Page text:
September 2, 2009 – The yield on the 10-year T-note closed today at the lowest level since May. Yields have fallen on fears of another de-leveraging as we approach the 1-year anniversary of the Lehman Brothers collapse. These fears have been heightened by the sharp decline in recent weeks on the Shanghai Stock Exchange, which can act as a leading indicator at times. Central bank purchases have also helped the price of T-notes and T-bonds.
It is unlikely that these lower yields can be sustained unless there is another vicious de-leveraging like one year ago. The Federal Reserve is doing everything it can to prevent another meltdown. Given the size of their effort to flood not just the States, but the world with dollars, they will succeed. But at what cost?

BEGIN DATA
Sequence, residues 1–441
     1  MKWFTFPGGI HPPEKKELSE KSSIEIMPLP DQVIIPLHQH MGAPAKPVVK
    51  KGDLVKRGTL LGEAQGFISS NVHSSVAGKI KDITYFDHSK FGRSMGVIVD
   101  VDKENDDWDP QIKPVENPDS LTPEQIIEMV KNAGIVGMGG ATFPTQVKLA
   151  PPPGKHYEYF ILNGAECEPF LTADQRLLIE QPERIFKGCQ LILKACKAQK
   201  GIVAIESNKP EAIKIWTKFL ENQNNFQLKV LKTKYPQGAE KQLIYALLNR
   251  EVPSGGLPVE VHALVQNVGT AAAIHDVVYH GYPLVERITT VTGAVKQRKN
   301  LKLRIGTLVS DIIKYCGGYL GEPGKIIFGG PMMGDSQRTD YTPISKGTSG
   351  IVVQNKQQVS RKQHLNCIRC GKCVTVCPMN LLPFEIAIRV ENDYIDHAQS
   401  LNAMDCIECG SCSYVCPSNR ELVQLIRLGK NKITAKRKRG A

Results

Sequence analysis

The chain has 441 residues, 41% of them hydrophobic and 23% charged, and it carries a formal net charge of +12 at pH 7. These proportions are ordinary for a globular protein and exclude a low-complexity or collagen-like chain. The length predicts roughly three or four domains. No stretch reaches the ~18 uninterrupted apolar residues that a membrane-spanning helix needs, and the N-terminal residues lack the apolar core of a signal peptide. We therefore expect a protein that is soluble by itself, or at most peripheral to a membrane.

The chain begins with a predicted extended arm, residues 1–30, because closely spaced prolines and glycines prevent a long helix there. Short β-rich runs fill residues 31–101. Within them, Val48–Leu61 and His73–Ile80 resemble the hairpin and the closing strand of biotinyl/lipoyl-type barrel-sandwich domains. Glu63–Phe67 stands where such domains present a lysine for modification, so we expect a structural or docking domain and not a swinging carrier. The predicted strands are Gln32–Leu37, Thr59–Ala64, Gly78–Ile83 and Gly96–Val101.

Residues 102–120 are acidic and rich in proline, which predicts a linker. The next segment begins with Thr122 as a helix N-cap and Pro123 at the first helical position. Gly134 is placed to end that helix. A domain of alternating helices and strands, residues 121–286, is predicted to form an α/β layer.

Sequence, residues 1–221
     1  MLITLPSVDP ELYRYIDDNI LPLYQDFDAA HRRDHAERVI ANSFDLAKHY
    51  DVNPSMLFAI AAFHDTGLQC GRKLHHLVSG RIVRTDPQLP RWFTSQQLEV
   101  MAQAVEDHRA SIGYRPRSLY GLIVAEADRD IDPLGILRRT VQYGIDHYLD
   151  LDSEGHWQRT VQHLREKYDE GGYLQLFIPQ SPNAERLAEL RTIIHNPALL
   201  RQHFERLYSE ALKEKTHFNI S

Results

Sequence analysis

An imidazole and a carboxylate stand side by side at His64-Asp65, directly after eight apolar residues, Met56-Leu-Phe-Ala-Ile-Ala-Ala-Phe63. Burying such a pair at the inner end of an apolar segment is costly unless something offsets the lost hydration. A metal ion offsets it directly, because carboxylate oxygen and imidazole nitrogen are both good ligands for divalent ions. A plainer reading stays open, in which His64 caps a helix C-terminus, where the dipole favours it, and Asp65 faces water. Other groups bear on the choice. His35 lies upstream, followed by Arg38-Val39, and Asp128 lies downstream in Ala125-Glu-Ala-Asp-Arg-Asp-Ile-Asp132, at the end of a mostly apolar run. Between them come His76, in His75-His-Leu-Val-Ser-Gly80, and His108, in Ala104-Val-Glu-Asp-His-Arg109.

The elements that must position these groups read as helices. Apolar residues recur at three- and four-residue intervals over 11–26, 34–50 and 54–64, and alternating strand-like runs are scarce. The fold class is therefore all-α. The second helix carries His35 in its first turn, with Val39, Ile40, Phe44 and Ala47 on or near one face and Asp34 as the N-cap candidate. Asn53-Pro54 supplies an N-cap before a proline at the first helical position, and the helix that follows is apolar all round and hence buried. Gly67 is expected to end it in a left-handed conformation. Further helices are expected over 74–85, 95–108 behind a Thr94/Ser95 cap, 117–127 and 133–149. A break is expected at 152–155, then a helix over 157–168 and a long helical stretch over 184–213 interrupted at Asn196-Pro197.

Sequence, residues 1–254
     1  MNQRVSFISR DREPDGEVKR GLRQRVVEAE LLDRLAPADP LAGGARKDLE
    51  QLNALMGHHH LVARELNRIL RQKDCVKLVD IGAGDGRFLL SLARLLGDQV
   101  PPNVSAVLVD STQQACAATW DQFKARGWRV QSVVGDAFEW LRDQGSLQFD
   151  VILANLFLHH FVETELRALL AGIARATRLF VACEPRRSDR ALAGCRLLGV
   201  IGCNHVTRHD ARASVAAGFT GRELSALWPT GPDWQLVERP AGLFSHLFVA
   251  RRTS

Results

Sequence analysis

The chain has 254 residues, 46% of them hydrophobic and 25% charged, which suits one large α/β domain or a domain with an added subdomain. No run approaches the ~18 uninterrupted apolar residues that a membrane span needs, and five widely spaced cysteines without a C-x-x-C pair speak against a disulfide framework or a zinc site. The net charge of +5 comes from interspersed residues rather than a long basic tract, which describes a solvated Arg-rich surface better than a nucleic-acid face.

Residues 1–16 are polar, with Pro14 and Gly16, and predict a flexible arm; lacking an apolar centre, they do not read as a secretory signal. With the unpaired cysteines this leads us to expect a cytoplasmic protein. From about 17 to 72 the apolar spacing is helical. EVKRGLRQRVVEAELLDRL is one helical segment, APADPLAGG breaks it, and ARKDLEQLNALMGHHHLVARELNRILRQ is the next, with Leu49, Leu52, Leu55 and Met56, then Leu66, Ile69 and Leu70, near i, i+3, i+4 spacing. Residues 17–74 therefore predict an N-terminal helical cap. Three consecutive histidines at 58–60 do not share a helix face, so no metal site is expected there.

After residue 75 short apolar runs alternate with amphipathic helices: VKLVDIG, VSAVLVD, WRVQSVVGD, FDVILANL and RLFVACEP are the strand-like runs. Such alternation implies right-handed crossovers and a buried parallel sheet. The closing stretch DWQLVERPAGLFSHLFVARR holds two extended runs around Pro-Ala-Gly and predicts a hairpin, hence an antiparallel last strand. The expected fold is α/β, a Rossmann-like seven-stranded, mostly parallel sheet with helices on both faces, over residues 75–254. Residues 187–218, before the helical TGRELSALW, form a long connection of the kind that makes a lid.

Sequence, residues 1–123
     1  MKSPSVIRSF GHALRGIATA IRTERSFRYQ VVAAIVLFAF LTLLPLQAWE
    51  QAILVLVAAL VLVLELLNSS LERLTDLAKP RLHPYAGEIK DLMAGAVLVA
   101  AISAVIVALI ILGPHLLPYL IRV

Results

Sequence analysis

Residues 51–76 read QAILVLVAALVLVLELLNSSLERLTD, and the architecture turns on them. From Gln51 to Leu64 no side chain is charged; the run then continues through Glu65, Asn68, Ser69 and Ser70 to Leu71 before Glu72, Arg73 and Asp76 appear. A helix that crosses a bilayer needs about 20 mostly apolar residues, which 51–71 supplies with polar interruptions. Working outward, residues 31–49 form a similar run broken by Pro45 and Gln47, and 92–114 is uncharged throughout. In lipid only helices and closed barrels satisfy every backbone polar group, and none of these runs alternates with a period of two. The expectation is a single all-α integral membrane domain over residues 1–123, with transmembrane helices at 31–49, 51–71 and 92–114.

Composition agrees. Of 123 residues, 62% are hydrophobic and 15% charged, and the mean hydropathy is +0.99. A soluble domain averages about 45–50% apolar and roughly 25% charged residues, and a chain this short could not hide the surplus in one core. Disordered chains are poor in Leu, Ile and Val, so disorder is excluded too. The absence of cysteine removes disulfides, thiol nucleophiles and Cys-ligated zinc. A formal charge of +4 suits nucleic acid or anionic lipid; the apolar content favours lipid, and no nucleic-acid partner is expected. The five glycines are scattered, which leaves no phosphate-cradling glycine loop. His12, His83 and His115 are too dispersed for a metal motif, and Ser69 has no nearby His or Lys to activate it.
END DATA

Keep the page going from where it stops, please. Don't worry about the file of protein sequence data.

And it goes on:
The Federal Reserve is debasing the dollar, which is a reality not lost on holders of long-term debt. They will undoubtedly require higher yields because of this growing risk. I therefore still favor the short side of this market.
In any case, today’s closing yield of 3.29% stopped our short sale from 3.38% on July 13, 2009.